Dyslexia isn't something that you have, says Dr. Ross Cooper, a dyslexia researcher who is dyslexic himself (he embraces the term the way gay folks have embraced the word "queer.") It's something that you are. And it's something, he emphasizes, that has value as part of the spectrum of human diversity. Cooper hypothesizes that the common feature of many "specific learning disabilities" is a preference for processing information visually and holistically rather than verbally and analytically. Rather than narrowly focusing on things in a linear sequential way, the child with this tendency absorbs visual input and meaning and context in a "big picture" way (blurry colors lighting up in the right hemisphere of the brain), a process which may slow down decoding but which also deepens and enriches it, leading to lateral thinking, intuition, imagination and creativity. These children's brains are organizing themselves differently, and it should go without saying that their developmental arc may therefore be different. When we interfere in the process of this organization, when we stigmatize it and test it and remediate it prematurely -– when we try to teach dyslexics to think like other children by aggressively drilling them in phonics –– Cooper says we are robbing these children of the opportunity to build organically on their many strengths rather than being treated as something broken that needs fixing.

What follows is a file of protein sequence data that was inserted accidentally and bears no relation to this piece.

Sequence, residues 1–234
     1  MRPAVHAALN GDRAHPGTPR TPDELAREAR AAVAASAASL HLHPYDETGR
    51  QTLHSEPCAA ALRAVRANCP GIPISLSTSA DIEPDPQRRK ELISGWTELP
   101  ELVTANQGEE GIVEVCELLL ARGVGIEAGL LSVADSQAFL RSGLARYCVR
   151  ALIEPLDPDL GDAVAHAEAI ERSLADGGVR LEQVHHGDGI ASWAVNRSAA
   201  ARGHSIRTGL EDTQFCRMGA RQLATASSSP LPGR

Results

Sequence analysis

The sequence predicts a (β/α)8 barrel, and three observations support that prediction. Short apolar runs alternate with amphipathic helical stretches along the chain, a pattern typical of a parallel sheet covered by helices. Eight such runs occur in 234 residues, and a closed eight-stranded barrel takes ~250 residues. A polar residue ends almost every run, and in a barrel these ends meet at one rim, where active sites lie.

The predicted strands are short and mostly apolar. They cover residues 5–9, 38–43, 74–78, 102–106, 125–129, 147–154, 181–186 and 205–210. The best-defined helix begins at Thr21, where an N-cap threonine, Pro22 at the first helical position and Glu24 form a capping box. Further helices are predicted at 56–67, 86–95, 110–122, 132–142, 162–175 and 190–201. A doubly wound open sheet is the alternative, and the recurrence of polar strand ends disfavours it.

Interestingly, children from traditional indigenous cultures often process information holistically and contextually rather than analytically as well. If you ask people from urban non-native cultures to divide a list of plants and animals into groups, they will tend do it taxonomically, separating them into the categories of mammals, birds, fish, plants. If you ask a Native person, they may do it ecologically, with a turtle, willow, heron, and beaver all in the same group because they all live in a wetland. The test may register this as a "wrong" answer, because schools tend to emphasize taxonomic, analytic thinking. But the second answer reflects a form of holistic systems thinking that rural Native children may be fluent in at a younger age than their urban, non-native peers.